South African President Jacob Zuma has survived a no-confidence motion against him in parliament by garnering 198 votes to the opposition's 177 votes as African National Congress MPs rallied to his support.
There were nine abstentions in the secret ballot.
Mr Zuma, 75, who has held power since 2009 but whose time in office has been dogged by allegations of corruption, has now survived nine no-confidence votes thanks to loyal voting by ANC lawmakers.
Speaking after his latest success, Mr Zuma said the party was united and the opposition could not take power through parliament.
"They are pumping propaganda through the media that the ANC is no longer supported by the people. It is their own imagination," he told a cheering crowd.
"The ANC is supported by the overwhelming majority," he said, before breaking into song and cracking jokes with the crowd.
The South African rand fell by 1% after the announcement of the vote outcome.
This morning MPs from the ruling ANC party resolved at a meeting to support Mr Zuma in the motion.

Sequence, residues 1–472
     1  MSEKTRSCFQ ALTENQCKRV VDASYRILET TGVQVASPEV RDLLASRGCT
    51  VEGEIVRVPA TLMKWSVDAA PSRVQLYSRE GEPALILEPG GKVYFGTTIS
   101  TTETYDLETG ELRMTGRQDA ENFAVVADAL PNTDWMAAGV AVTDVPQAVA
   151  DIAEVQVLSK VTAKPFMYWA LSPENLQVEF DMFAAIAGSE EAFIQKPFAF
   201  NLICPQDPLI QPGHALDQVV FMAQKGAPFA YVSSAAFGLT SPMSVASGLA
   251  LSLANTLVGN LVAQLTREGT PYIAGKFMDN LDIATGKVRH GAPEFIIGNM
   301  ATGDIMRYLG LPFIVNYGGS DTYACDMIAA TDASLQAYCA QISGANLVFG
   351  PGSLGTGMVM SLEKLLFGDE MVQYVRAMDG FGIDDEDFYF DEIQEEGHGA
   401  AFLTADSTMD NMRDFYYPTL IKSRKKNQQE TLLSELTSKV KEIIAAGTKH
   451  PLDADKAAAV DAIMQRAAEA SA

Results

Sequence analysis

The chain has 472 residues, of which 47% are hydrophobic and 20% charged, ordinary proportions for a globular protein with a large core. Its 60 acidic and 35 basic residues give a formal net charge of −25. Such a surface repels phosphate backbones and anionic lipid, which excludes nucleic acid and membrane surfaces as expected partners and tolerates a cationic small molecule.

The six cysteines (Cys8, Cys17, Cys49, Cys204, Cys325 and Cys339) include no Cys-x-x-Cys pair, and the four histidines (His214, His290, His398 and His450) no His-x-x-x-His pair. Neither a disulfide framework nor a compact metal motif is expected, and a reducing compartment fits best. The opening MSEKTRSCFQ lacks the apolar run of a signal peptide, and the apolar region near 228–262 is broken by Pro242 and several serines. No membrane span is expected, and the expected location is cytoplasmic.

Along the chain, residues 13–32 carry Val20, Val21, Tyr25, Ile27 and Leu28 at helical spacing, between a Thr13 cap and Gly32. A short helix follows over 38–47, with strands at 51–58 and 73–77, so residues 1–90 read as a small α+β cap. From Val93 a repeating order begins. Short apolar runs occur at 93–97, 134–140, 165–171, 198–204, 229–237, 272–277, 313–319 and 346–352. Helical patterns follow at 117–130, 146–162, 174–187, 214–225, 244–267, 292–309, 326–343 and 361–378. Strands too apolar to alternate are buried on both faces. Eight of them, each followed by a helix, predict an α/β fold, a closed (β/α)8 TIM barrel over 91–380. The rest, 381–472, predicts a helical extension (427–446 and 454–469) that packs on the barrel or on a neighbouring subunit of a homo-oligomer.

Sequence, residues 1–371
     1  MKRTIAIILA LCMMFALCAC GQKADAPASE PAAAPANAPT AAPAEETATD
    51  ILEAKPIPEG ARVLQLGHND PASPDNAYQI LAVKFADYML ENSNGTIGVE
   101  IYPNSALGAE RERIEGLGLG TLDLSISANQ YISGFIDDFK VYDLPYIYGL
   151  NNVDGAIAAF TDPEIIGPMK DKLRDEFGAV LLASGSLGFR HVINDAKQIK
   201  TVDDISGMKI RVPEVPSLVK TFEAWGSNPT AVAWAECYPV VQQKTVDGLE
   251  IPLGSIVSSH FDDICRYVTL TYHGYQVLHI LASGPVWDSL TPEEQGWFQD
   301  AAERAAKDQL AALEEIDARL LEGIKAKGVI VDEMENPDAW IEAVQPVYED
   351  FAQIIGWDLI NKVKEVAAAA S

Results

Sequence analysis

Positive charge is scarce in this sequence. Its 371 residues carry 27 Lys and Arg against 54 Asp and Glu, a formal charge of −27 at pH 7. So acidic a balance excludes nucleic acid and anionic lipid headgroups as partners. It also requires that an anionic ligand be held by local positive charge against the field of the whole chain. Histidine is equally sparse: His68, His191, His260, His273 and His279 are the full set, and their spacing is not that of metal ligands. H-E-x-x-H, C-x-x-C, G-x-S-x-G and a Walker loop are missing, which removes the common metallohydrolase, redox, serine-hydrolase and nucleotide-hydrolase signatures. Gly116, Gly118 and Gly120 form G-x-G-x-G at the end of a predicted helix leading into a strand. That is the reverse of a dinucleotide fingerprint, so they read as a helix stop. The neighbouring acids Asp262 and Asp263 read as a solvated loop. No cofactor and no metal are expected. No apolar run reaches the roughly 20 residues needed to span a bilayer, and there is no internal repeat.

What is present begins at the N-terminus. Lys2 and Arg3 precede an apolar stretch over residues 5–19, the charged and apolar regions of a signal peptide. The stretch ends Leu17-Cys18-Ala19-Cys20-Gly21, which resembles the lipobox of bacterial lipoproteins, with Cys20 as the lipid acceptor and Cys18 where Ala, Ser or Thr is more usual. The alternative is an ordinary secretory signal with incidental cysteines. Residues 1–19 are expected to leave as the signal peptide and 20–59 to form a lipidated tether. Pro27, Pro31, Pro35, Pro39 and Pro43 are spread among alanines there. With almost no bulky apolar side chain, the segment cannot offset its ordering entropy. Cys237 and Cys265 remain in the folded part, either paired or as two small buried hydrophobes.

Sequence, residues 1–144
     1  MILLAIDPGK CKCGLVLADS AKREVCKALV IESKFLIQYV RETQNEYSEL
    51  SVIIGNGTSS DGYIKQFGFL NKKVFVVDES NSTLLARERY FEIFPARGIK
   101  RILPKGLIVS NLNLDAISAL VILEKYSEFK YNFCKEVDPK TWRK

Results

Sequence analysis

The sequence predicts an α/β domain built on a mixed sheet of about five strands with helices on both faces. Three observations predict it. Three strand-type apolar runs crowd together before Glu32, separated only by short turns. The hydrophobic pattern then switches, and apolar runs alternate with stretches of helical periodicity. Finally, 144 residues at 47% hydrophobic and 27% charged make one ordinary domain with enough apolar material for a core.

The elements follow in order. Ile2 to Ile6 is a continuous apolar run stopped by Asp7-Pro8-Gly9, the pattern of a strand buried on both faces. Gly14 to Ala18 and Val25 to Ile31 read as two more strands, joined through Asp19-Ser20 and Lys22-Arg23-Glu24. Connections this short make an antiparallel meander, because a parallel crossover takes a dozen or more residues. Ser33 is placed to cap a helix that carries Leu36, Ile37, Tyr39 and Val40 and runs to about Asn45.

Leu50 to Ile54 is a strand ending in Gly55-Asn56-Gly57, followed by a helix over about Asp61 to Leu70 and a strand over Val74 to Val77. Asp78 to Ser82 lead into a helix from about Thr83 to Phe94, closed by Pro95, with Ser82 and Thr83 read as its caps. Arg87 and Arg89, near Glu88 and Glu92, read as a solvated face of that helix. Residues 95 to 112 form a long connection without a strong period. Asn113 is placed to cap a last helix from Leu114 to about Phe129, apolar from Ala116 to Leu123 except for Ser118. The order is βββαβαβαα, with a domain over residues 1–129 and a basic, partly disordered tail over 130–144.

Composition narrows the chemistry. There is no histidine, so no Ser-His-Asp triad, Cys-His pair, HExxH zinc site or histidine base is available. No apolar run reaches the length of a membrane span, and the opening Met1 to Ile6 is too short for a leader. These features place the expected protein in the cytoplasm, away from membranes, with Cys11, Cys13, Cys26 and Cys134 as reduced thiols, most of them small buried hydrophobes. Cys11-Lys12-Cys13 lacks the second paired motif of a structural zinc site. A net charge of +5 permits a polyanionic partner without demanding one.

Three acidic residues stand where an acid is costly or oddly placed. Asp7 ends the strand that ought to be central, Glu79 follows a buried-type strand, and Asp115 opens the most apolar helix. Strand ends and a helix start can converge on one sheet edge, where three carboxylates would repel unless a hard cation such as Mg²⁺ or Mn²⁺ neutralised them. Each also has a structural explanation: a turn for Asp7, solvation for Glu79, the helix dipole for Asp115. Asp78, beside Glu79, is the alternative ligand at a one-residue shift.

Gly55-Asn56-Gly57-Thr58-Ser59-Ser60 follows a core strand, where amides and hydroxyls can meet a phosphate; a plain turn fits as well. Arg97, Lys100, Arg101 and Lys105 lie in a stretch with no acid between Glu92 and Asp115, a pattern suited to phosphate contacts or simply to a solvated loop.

Mr Zuma, who also attended the meeting, was described as being calm and jovial by the party's chief whip Jackson Mthembu.
Several party members could be heard singing as they walked out of the meeting having agreed to support Mr Zuma, he said.
The speaker of parliament decided to allow anonymous voting in the motion of no confidence.
Mr Zuma's critics had been calling for a secret ballot in the hope it will embolden MPs from his ANC party to support his removal by shielding them from pressure.
Mr Zuma said in June that a secret ballot would be unfair.
But Speaker Baleka Mbete's decision yesterday to allow one changed the landscape.
Markets welcomed the decision. The rand, bonds and banking shares surged after Ms Mbete's announcement, buoyed by the prospect of Mr Zuma's removal.
In the past year, President Zuma has upset investors, in particular by removing popular finance minister Pravin Gordhan.
South Africa, meanwhile, had its credit rating downgraded to junk by two of the top three credit rating agencies.
Unemployment is at a 14-year high of 27.7% and the economy is back in recession.
"Jacob Zuma has brought our nation to its knees. We call on all members of parliament to do the right thing and remove Jacob Zuma," the main opposition Democratic Alliance (DA) party, which brought the motion to parliament, said in a statement.
Opposition parties have planned a march in the streets of Cape Town where parliament is located to push for Mr Zuma's removal.
ANC party members are also expected to march on the same streets in support for him.
Mr Zuma's tenure as South Africa's president is due to run until 2019 when national elections will be held.